OAK RIDGE, Tenn. (WATE) — When aging vehicle batteries lack the juice to power a car anymore, they may still hold some energy. A new study from Oak Ridge National Laboratory is working to find applications for those batteries, specifically the lithium-ion batteries used in electric vehicles, which can be difficult given the different makers, ages and sizes.

ORNL Grid Integration Researcher Michael Starke said they have been working to develop a new technology allowing this type of electric battery reuse. Starke said most recently he and his team have been focused on the integration aspect of the research.

He explained with their creation of a storage system for these batteries, theoretically, the leftover power could be integrated into the power grid when electricity demand spikes. The mix of batteries can be controlled to release a predetermined amount of electricity to the grid.

“We have each battery pack discharging at a different rate, while ensuring that the target energy output stays the same,” Starke stated in a news release.

Starke continued to say that utilities would be able to use this stored energy instead of burning fossil fuels at “peaking” plants.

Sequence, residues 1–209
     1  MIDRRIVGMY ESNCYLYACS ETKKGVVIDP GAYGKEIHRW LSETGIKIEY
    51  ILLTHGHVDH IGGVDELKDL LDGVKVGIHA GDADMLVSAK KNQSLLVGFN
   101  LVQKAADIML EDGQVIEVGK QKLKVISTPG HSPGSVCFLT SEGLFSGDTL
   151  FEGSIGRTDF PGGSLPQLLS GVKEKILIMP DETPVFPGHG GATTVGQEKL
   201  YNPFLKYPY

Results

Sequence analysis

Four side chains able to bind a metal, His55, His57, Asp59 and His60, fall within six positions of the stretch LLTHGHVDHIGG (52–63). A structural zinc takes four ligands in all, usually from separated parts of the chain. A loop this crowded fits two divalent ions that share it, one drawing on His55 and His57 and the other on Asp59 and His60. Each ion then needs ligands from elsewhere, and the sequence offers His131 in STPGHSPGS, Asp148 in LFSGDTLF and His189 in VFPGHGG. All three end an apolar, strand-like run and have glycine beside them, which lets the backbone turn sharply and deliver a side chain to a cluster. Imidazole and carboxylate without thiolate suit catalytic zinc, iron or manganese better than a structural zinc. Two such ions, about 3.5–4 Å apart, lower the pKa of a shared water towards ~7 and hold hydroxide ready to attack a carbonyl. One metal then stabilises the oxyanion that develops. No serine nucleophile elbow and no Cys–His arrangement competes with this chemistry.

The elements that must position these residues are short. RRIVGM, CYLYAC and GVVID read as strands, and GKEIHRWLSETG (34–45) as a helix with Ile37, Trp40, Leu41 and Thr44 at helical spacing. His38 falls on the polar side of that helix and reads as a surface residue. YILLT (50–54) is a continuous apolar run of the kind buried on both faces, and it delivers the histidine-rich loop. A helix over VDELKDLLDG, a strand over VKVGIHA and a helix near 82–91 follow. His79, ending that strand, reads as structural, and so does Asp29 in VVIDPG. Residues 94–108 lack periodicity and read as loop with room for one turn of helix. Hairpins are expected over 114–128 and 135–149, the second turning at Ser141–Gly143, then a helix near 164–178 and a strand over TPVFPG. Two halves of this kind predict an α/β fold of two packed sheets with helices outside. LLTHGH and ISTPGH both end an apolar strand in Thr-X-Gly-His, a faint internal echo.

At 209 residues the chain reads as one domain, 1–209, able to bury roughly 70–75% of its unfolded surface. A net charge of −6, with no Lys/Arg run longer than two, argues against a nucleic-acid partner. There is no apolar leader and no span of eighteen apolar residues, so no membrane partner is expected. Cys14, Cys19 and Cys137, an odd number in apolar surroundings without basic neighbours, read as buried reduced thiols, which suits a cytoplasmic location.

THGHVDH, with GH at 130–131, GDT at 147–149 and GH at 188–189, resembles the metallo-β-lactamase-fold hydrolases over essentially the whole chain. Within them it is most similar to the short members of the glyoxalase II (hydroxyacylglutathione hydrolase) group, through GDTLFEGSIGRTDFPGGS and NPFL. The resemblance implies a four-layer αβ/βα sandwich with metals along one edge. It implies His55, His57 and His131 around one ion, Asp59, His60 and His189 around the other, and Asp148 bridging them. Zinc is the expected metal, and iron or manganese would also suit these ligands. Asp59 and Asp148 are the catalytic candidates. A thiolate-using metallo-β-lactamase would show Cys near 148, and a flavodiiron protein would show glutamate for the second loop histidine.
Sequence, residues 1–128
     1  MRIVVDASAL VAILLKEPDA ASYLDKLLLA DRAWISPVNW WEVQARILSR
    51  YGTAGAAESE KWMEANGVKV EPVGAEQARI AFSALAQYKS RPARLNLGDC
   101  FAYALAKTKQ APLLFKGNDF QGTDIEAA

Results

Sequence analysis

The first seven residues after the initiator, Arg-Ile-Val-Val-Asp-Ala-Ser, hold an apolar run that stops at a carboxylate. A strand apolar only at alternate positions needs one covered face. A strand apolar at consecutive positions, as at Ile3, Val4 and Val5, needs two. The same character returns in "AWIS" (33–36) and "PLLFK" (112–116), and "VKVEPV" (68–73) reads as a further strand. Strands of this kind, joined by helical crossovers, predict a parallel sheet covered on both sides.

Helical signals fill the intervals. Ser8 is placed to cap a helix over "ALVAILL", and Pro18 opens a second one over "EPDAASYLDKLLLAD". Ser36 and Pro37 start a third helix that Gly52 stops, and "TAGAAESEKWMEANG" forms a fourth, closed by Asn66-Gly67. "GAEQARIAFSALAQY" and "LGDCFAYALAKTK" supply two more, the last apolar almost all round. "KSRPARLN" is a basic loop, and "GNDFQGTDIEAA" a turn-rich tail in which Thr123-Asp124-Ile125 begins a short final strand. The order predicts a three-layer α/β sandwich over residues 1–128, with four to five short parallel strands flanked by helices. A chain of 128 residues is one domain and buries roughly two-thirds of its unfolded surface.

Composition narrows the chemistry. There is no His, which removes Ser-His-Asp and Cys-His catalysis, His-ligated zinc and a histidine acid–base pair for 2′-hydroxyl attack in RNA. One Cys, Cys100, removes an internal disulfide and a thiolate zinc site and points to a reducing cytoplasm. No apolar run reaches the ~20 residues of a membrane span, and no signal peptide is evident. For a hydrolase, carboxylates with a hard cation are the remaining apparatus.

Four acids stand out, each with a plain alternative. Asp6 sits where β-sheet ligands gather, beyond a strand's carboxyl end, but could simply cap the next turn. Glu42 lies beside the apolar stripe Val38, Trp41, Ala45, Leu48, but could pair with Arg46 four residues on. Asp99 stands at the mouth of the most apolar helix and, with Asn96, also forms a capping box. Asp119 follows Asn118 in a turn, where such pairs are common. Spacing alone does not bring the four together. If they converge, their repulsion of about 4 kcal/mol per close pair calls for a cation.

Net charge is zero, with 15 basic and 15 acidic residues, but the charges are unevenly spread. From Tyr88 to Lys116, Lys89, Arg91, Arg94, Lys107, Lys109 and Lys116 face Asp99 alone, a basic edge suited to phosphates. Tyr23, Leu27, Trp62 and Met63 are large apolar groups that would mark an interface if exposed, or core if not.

Starke explained in an interview with WATE 6 On Your Side what the next steps include, saying he’ll take this experiment out of the simulation phase and into reality.

“We have simulators and emulators that allow us to emulate battery technology, so we’re looking to work with the industry partners to actually do a full-scale demonstration of the final prototype,” Starke said. “That would be working with some of the secondary-use manufacturers, or if there’s GM partners, or Ford partners, and even Volkswagen, which is now in Chattanooga, extending that relationship with them.”

Starke feels this technology would be incredibly applicable in a real-world setting. He explained this type of recycling could even help supplement solar and wind energy resources when mother nature isn’t cooperating.

“Make sure when we have load, that when wind and solar are not necessarily generating, to make sure that storage is replacing that mismatch,” said Starke. “Constantly we have to make sure that load is there, or if we have challenges with the grid, and that’s what this storage is playing the primary role of.”

ORNL researchers on the project also said this approach could reduce pollution, prolong the usefulness of these EV batteries, and make electricity service more reliable, all at almost no cost.